Penn State, Pitt, Temple Presidents Voice Support For Mask-Wearing
University leaders at Penn State, Pitt, and Temple are voicing their support for coronavirus mitigation efforts as cases have recently risen across the state.
Each president spoke to Pennsylvania Governor Tom Wolf’s administration this week, encouraging people to continue wearing masks and following public health guidelines to keep the virus at bay.
“If we are to be successful in our plans to return to teaching, learning and working on our campuses this fall, each one of us must take actions now, based on science and public health practices, to help mitigate the spread of the coronavirus,” Penn State President Eric Barron said. “Penn State is finalizing plans to support the critical aspects outlined by Gov. Wolf – from wearing face masks to maintaining social distancing to testing and contact tracing – in order to do our part to minimize the impact of the virus.”
Pitt Chancellor Patrick D. Gallagher echoed that sentiment and noted it’s “critical” Pennsylvanians utilize evidence-based strategies to promote health and safety across the state.
Temple President Dr. Richard M. Englert agreed, adding there’s much more work to be done to combat the coronavirus.
“The fight against COVID-19 is not over,” Englert said. “Temple supports the governor’s efforts to prevent additional spikes in cases and ensure the public’s safety.”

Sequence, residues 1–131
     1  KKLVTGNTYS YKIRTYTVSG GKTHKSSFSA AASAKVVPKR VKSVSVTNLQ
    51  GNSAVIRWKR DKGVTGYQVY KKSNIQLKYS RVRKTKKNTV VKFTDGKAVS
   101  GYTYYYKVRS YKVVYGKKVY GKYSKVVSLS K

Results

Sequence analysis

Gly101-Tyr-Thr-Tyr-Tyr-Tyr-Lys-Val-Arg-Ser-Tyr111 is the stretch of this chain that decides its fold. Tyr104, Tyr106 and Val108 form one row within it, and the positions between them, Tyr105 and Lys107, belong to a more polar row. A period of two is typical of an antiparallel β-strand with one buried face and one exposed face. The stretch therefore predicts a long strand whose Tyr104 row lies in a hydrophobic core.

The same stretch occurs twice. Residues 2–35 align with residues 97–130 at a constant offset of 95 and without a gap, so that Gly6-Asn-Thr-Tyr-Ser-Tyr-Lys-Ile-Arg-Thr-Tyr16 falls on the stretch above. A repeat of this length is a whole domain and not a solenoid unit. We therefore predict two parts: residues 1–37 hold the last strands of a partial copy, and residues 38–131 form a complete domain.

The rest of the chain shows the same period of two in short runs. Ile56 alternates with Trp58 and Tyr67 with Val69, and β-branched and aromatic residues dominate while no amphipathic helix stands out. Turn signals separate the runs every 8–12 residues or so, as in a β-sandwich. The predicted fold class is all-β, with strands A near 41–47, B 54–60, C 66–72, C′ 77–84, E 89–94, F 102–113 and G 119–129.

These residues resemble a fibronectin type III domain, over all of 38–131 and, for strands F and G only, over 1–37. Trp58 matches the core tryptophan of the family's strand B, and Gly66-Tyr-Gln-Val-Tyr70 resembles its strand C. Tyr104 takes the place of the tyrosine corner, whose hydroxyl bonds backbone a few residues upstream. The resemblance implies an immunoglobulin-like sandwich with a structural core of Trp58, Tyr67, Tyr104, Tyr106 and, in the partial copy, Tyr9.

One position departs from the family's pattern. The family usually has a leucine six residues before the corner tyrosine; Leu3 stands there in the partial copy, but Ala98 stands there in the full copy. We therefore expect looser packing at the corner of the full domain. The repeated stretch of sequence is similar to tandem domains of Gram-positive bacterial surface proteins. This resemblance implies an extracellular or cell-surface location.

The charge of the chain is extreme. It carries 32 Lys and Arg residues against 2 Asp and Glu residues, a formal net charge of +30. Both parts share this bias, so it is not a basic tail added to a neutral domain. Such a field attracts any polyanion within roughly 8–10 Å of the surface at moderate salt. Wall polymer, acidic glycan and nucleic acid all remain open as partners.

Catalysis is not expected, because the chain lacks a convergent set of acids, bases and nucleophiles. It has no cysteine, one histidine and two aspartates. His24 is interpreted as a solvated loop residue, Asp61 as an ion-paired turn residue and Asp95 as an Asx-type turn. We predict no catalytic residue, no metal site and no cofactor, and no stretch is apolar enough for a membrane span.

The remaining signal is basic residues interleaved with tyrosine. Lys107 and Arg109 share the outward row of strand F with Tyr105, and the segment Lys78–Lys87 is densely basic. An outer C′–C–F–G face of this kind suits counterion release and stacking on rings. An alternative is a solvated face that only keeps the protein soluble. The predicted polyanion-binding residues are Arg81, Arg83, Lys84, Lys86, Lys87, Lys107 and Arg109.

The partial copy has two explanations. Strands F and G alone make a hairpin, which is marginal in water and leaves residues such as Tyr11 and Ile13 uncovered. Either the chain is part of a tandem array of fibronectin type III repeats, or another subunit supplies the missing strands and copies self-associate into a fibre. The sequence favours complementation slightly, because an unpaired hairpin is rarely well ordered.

Each of the three universities currently plans to return to on-campus instruction this fall. However, many, including Penn State, have reiterated they’re prepared to move to remote learning if needed as the pandemic seemingly worsens.
Earlier this month, Wolf announced his administration would order mandatory mask-wearing in all public spaces statewide. Additionally, Penn State previously announced it will require all students, faculty, and staff to wear face masks in class and around campus this fall.
Wolf, alongside Secretary of Health Dr. Rachel Levine, rolled out a number of new mitigation efforts last week. These included reducing indoor dining to 25% capacity, prohibiting bar service, and limiting bar service to sit-down meals and carry-out only. Wolf also mandated indoor gatherings must consist of 25 or fewer people, while outdoor gatherings are limited to 250 people or fewer.
To date, Pennsylvania has reported 102,765 cases of the coronavirus and 7,038 coronavirus-related deaths statewide. Locally, Centre County has reported 294 positive cases and nine deaths since the pandemic began.
Like many locales, Centre County has seen a noticeable uptick in case numbers over the past few weeks. In the last two weeks alone, the county has reported 64 positive cases.
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